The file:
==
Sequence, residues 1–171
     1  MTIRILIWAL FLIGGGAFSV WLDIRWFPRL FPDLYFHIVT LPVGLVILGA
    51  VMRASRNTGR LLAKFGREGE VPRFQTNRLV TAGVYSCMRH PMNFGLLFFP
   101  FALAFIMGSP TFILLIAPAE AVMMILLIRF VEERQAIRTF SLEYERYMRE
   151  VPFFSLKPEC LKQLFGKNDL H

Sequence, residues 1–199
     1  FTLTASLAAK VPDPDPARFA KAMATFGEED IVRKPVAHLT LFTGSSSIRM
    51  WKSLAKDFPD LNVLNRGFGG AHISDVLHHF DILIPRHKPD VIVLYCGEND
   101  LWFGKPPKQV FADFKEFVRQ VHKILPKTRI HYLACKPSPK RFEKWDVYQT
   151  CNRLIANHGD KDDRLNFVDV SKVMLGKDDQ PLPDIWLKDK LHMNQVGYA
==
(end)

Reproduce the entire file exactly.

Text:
Sequence, residues 1–171
     1  MTIRILIWAL FLIGGGAFSV WLDIRWFPRL FPDLYFHIVT LPVGLVILGA
    51  VMRASRNTGR LLAKFGREGE VPRFQTNRLV TAGVYSCMRH PMNFGLLFFP
   101  FALAFIMGSP TFILLIAPAE AVMMILLIRF VEERQAIRTF SLEYERYMRE
   151  VPFFSLKPEC LKQLFGKNDL H

Sequence, residues 1–199
     1  FTLTASLAAK VPDPDPARFA KAMATFGEED IVRKPVAHLT LFTGSSSIRM
    51  WKSLAKDFPD LNVLNRGFGG AHISDVLHHF DILIPRHKPD VIVLYCGEND
   101  LWFGKPPKQV FADFKEFVRQ VHKILPKTRI HYLACKPSPK RFEKWDVYQT
   151  CNRLIANHGD KDDRLNFVDV SKVMLGKDDQ PLPDIWLKDK LHMNQVGYA